A World Anti-Doping Agency (WADA) commission report has recommended suspension of Russia from all world athletics competition here on Monday.
The commission examined allegations of doping, cover-ups, and extortion in Russian athletics and also implicated the International Association of Athletics Federations (IAAF) for failure to address these pressing issues.
The commission also wants five athletes and five coaches to get lifetime doping bans.
The report also said there were “systemic failures” in the IAAF that prevented an “effective” anti-doping program.
“We communicated the report to WADA last Thursday,” Dick Pound, the chairman of the commission and former WADA boss, was quoted as saying by BBC.
The report was “essentially limited to Russia and athletics”, he added.
“We have provided WADA with sanction packages on individuals who had not been previously identified, identified possible criminal incidents, made findings and recommendations on the Russian laboratory, reported on interference with doping controls up to and including this year, and found cover-ups and payments of money to conceal doping tests,” Pound was quoted as saying by the BBC.
“Since Russia is the particular country involved in the matter investigated, it is appropriate to say the commission organised a special meeting with the Russian minister of sport. He invited the commission to make recommendations that would allow Russia to contribute (to making Russia) a non-doping country.”
“We advised the minister in advance he would not be pleased with the recommendations. He is going to have to live with that. We hope that Russia will take a lead (now),” he added.
The report said that the London 2012 Olympics were “sabotaged” by the “widespread inaction” by the IAAF and the Russian athletics federation against Russian athletes who had suspicious doping profiles.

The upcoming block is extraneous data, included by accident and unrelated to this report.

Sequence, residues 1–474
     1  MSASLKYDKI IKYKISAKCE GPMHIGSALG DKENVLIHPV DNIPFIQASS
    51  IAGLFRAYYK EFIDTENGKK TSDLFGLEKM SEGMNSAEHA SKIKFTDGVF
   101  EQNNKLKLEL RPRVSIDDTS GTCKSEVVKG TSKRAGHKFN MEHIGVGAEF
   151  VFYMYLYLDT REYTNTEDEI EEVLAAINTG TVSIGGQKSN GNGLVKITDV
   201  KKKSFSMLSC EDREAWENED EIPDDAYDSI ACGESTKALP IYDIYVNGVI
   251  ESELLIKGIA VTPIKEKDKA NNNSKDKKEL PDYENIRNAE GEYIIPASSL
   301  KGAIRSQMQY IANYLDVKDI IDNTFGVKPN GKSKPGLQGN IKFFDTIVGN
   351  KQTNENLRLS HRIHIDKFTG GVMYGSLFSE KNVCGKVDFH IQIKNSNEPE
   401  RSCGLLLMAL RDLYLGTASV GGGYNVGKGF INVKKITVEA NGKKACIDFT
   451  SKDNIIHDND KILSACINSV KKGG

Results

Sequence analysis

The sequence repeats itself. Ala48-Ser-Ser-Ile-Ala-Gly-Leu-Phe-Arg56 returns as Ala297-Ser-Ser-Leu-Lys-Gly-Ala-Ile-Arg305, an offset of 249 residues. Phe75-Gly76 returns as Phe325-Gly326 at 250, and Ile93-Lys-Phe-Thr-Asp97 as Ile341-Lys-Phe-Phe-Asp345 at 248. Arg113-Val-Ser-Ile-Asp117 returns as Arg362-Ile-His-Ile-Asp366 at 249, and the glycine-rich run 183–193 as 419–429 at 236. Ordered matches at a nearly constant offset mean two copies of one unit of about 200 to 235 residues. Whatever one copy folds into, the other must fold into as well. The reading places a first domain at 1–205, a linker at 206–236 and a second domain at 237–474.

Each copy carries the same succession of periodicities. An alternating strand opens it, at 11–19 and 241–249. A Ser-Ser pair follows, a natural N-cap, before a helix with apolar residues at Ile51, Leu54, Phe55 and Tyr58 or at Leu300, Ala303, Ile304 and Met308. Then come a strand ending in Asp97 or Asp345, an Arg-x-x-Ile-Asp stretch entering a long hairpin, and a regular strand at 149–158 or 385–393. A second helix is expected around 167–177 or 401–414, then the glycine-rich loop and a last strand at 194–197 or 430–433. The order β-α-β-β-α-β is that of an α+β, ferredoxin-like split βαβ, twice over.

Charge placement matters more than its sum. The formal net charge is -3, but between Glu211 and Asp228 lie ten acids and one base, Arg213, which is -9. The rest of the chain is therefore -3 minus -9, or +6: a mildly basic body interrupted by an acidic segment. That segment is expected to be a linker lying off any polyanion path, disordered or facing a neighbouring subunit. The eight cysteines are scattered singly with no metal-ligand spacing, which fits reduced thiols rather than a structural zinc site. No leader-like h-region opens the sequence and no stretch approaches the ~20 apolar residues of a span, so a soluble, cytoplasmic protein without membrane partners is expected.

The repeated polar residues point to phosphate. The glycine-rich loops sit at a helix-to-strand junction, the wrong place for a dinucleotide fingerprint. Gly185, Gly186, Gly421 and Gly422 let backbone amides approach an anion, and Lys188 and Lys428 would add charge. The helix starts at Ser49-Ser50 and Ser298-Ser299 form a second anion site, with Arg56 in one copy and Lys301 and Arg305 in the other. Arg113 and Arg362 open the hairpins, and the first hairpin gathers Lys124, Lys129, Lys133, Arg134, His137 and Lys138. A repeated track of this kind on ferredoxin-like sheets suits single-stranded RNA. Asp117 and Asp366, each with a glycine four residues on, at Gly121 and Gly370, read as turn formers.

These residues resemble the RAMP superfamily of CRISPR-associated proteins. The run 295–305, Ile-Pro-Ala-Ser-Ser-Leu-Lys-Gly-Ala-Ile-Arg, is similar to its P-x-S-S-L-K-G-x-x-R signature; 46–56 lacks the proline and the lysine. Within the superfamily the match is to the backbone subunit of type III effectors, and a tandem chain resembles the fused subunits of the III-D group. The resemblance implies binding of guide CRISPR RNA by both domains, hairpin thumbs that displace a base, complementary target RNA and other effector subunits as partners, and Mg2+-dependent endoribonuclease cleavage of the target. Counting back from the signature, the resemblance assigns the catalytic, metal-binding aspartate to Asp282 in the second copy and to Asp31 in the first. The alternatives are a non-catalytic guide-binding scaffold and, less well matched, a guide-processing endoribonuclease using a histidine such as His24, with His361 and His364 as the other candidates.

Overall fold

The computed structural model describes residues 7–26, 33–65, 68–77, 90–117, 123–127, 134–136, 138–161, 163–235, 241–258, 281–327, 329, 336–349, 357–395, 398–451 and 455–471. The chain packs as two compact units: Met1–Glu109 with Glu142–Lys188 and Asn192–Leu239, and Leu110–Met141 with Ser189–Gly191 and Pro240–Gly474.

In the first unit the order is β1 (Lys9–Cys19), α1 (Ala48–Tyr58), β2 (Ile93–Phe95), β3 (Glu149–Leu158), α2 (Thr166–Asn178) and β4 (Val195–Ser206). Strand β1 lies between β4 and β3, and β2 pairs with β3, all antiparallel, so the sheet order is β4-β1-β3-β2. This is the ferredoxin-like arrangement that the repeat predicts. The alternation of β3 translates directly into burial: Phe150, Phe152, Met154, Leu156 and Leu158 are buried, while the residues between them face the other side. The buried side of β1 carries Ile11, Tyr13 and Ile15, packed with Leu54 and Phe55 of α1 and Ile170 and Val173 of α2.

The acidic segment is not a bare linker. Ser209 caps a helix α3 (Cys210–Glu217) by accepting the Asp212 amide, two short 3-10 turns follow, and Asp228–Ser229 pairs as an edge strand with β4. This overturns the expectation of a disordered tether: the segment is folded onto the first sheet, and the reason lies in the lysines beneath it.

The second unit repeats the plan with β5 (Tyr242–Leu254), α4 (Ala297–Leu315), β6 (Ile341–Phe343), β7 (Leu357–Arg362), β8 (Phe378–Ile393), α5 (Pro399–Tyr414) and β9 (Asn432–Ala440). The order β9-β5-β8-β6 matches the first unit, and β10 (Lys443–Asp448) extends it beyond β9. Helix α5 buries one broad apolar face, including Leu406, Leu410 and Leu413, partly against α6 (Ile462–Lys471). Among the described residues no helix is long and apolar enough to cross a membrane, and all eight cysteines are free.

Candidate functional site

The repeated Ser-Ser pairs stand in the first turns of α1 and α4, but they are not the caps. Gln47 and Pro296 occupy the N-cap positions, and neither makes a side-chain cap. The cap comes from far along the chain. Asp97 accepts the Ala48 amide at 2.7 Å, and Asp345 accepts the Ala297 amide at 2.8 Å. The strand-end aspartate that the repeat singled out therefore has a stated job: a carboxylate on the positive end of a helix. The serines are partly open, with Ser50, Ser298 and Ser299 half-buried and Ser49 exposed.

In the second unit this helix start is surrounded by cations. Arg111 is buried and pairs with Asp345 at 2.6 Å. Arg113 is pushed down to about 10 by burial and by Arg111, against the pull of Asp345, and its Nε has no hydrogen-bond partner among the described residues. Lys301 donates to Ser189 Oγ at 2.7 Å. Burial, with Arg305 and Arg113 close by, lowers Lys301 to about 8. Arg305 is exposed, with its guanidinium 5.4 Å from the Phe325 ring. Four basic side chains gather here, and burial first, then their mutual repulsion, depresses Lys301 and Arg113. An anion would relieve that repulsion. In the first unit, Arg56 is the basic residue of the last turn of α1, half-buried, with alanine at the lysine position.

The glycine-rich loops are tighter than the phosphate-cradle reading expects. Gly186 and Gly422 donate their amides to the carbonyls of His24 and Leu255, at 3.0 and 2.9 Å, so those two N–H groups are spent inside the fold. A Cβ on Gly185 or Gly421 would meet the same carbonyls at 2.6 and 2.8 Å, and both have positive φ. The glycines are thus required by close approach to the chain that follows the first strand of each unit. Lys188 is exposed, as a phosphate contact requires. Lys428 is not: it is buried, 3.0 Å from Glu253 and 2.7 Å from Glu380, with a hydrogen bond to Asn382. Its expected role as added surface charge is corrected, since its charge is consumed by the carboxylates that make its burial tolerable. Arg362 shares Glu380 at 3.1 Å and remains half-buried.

“The IC (independent commission) has noted a cumulative lapse of action from the IAAF, Russian athletics federation (ARAF) and Russian Anti-Doping Agency (RUSADA) in conjunction with pursuing suspicious profiles,” the report stated.
Following the damning report, IAAF president Sebastian Coe sought approval from his fellow IAAF council members to consider sanctions against the Russian athletics federation.
“The information in WADA’s Independent Commissions Report is alarming. We need time to properly digest and understand the detailed findings included in the report. However, I have urged the Council to start the process of considering sanctions against ARAF. This step has not been taken lightly,” Coe said in a statement on Monday.
“Our athletes, partners and fans have my total assurance that where there are failures in our governance or our anti-doping programmes we will fix them. We will do whatever it takes to protect the clean athletes and rebuild trust in our sport. The IAAF will continue to offer the police authorities our full co-operation into their ongoing investigation.”
World police body Interpol also announced on Monday its plans of co-ordinating a global investigation led by France into the alleged international corruption scam involving sports officials as well as athletes suspected of a doping cover-up.
In another development, former IAAF president Lamine Diack should have his honorary membership of the International Olympic Committee (IOC) suspended in the wake of his arrest on corruption charges, the IOC said on Monday.